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U.S., Canada, and Mexico Strengthen Consumer Product Safety across North America


CPSC Hosts First North America Consumer Product Safety Summit

On September 26-27, the U.S. Consumer Product Safety Commission (CPSC) hosted its Canadian and Mexican counterparts - Health Canada and the Consumer Protection Federal Agency of the United Mexican States (Profeco) - for a consumer product safety summit aimed at strengthening consumer protections across North America. The First North America Consumer Product Summit provided an opportunity for product safety leaders of these countries to lay out their shared visions for enhanced consumer product safety cooperation.

Canada and Mexico were the top-two purchasers of U.S. exports in 2010, with Canada accounting for $248.2 billion and Mexico accounting for $163.3 billion.

U.S. goods exports to NAFTA in 2010 were $411.5 billion - up 23.4% ($78 billion) from 2009, 149% from 1994 (the year prior to Uruguay Round), and 190% from 1993 (the year prior to NAFTA). U.S. exports to NAFTA accounted for 32.2% of overall U.S. exports in 2010.


Since the North America Free Trade Agreement (NAFTA) entered into force in 1994, trade between the U.S. and its NAFTA partners has soared. According to the Office of the U.S. Trade Representative, NAFTA links 450 million people and $17 trillion worth of goods and services, creating the world's largest free trade area.

In recognition of the increasing volume and complexity of global trade, the three agencies issued a joint statement promoting greater cooperation in ensuring the safety of products made and sold across North America. Specifically, CPSC, Health Canada, and Profeco agreed to explore opportunities for further collaboration with regard to six areas:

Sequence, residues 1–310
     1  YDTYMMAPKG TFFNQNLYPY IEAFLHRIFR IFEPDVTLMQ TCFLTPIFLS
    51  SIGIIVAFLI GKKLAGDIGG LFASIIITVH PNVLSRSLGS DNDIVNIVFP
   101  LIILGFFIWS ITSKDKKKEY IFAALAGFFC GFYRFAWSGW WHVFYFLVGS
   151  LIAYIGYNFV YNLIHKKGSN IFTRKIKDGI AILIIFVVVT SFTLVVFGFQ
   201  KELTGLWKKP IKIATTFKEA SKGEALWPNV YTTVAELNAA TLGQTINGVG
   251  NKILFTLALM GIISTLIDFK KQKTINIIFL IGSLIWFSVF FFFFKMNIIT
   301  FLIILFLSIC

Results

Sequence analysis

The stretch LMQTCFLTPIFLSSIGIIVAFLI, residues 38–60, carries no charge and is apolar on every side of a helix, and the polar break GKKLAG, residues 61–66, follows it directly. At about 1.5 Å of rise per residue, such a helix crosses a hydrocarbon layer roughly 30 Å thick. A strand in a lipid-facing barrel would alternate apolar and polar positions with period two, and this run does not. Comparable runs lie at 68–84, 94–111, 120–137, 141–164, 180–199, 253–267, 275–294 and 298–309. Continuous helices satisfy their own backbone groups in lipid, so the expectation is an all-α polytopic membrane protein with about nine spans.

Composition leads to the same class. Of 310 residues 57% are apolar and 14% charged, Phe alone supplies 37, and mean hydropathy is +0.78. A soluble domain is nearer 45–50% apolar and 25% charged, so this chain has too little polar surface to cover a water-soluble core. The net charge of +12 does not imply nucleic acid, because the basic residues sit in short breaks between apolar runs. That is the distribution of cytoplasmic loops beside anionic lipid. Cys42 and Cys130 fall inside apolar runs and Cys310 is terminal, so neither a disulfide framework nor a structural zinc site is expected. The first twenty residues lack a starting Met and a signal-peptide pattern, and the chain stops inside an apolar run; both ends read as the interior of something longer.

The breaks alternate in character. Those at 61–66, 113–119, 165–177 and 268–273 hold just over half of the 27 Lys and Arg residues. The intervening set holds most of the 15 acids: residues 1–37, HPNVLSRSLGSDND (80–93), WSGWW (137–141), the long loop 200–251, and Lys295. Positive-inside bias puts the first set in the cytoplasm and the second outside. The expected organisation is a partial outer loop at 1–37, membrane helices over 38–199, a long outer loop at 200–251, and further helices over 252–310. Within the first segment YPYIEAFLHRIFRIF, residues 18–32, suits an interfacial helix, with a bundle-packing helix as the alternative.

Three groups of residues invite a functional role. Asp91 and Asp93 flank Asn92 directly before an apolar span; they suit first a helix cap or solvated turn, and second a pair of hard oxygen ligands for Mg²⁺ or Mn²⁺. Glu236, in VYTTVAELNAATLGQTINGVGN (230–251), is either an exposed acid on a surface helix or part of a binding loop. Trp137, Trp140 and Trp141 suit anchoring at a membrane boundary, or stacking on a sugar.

• proposed regulations and voluntary standards;
  • risk assessment;
  • import and market surveillance;
  • training and outreach within and outside North America;
  • coordinated consumer awareness campaigns; and
  • consultation on potential joint recalls or corrective actions.

"We are facing common challenges and opportunities to promote product safety, and we can be more effective in protecting consumers in the United States and across North America through collaboration and being proactive," said CPSC chairman Inez Tenenbaum. "If products can be regulated in a harmonized manner and emerging hazards can be addressed swiftly, then consumers in all three countries can benefit."

During the summit, CPSC also renewed a Memorandum of Understanding (MoU) with Profeco aimed at reducing the unreasonable risks of injuries and deaths associated with consumer products. An MoU with Health Canada remains in effect.


Jana Zabinski

Senior Director, Communications & Public Relations


[email protected]

Beth Goodbaum

Journalist/Communications Specialist


[email protected]